Pulmonary EmbolismCreated OnApril 19, 2020Last Updated OnApril 19, 2020byadmin You are here: Main ECG Pulmonary Embolism < All Topics Table of Contents A differentials of tall R-wave in V1 ECG findings in Pulmonary Embolism Sinus Tachycardia (only in 30-50%) SIQIII or SIQIIITIII, a.k.a. Rightward Axis (not sensitive or specific) New RBBB or incomplete RBBB ST-segment elevations or depressions New TWI’s, especially in anteroseptal（V1-V4） +/- inferior leads（II，III，aVF） = Acute Pulmonary Hypertension = PE until proven otherwise! Atrial and ventricular dysrhythmias, Supraventricular tachydysrhythmias Signs of right heart strain Rightward axis (look for large S wave in lead I) New RBBB or incomplete RBBB New T-wave inversions (especially in anteroseptal +/- inferior leads) ST-segment elevations or depressions ST-elevation in rightward leads (V1, V2, aVR, III) Take-home points: You can’t rule out PE based on a normal HR (or normal ECG)! Massive pulmonary embolism can mimic acute coronary syndrome and cause ST-segment elevations in rightward leads PE commonly mimics ACS (especially big pes) Expect T-wave inversions and ST-segment changes STE in V1-V2& aVR Make sure to consider PE in cases of acute onset chest pain and pay close attention to new TWI’s, ST-segment changes, or ventricular dysrhythmias. Consider your ECG Differentials! Rightward axis is not typical for STEMI Consider PE & Hyperkalaemia when dealing with STE & RAD PE’s can also cause low-grade fever, don’t be fooled in just calling it a pneumonia! Tachycardia (sinus, atrial fibrillation) Signs of right heart strain (RAD, tall R wave in V1) *We do not own this youtube video, it’s for sharing purpose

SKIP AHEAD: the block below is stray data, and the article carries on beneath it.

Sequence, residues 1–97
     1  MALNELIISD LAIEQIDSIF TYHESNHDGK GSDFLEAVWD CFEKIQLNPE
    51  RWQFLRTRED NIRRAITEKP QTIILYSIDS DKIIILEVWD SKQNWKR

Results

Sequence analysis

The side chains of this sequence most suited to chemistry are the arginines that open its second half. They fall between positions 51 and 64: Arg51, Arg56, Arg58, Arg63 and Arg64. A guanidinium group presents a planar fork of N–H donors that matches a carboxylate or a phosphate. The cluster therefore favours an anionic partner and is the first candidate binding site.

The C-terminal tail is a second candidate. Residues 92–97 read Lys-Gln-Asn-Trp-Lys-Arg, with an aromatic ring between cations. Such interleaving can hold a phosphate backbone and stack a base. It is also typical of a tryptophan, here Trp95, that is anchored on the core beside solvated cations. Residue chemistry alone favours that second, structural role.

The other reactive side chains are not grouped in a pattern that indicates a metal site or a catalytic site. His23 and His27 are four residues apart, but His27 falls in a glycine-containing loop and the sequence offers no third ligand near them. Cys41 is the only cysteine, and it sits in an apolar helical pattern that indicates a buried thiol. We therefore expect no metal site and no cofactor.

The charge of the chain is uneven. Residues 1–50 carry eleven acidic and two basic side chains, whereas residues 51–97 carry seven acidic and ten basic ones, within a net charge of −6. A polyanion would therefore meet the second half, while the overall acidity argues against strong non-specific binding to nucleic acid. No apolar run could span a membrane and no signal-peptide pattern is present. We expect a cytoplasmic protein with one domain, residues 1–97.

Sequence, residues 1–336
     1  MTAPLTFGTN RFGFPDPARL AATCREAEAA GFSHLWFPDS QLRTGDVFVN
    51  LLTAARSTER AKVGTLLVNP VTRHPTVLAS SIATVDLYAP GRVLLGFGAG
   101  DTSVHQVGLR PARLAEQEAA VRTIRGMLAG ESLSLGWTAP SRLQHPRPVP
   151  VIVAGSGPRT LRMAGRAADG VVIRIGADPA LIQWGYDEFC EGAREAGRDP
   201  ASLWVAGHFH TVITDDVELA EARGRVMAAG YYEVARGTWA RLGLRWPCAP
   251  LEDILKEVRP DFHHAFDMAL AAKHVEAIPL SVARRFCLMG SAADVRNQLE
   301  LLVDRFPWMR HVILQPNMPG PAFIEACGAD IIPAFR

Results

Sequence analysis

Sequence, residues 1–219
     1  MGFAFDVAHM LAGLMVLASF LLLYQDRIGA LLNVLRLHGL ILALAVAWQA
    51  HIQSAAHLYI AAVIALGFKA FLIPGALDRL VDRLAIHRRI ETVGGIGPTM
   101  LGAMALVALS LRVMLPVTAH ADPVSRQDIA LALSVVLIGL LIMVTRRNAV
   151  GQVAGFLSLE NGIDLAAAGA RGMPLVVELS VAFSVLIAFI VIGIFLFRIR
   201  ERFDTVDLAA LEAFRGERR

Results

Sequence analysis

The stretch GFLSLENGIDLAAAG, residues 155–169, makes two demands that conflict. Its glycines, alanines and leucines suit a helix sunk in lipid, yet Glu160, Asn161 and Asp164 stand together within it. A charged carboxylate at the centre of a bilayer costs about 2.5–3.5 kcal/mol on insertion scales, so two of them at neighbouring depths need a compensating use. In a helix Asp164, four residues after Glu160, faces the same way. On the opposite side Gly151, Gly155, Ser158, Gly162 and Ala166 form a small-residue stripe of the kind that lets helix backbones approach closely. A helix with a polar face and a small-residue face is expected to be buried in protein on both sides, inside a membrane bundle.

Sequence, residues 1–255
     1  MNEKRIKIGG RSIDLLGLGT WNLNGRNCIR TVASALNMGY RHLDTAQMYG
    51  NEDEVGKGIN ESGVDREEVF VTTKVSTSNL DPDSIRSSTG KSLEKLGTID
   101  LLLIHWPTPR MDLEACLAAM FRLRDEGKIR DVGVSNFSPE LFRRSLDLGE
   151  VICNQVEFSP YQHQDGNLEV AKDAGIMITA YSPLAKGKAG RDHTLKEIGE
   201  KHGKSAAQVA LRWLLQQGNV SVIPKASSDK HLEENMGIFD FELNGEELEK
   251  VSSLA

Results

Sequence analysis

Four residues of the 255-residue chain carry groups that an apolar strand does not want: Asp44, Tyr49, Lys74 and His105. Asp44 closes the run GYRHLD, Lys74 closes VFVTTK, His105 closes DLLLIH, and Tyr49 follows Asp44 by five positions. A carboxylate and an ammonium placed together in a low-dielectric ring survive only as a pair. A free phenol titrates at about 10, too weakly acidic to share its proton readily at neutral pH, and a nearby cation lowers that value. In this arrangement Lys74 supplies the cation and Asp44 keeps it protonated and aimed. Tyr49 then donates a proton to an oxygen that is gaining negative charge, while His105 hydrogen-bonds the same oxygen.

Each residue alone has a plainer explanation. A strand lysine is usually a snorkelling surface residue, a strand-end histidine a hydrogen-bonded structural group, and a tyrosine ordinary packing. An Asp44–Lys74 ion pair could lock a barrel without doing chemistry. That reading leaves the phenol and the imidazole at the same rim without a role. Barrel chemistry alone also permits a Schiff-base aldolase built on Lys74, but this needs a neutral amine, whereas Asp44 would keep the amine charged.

Please Login/Register to read full article.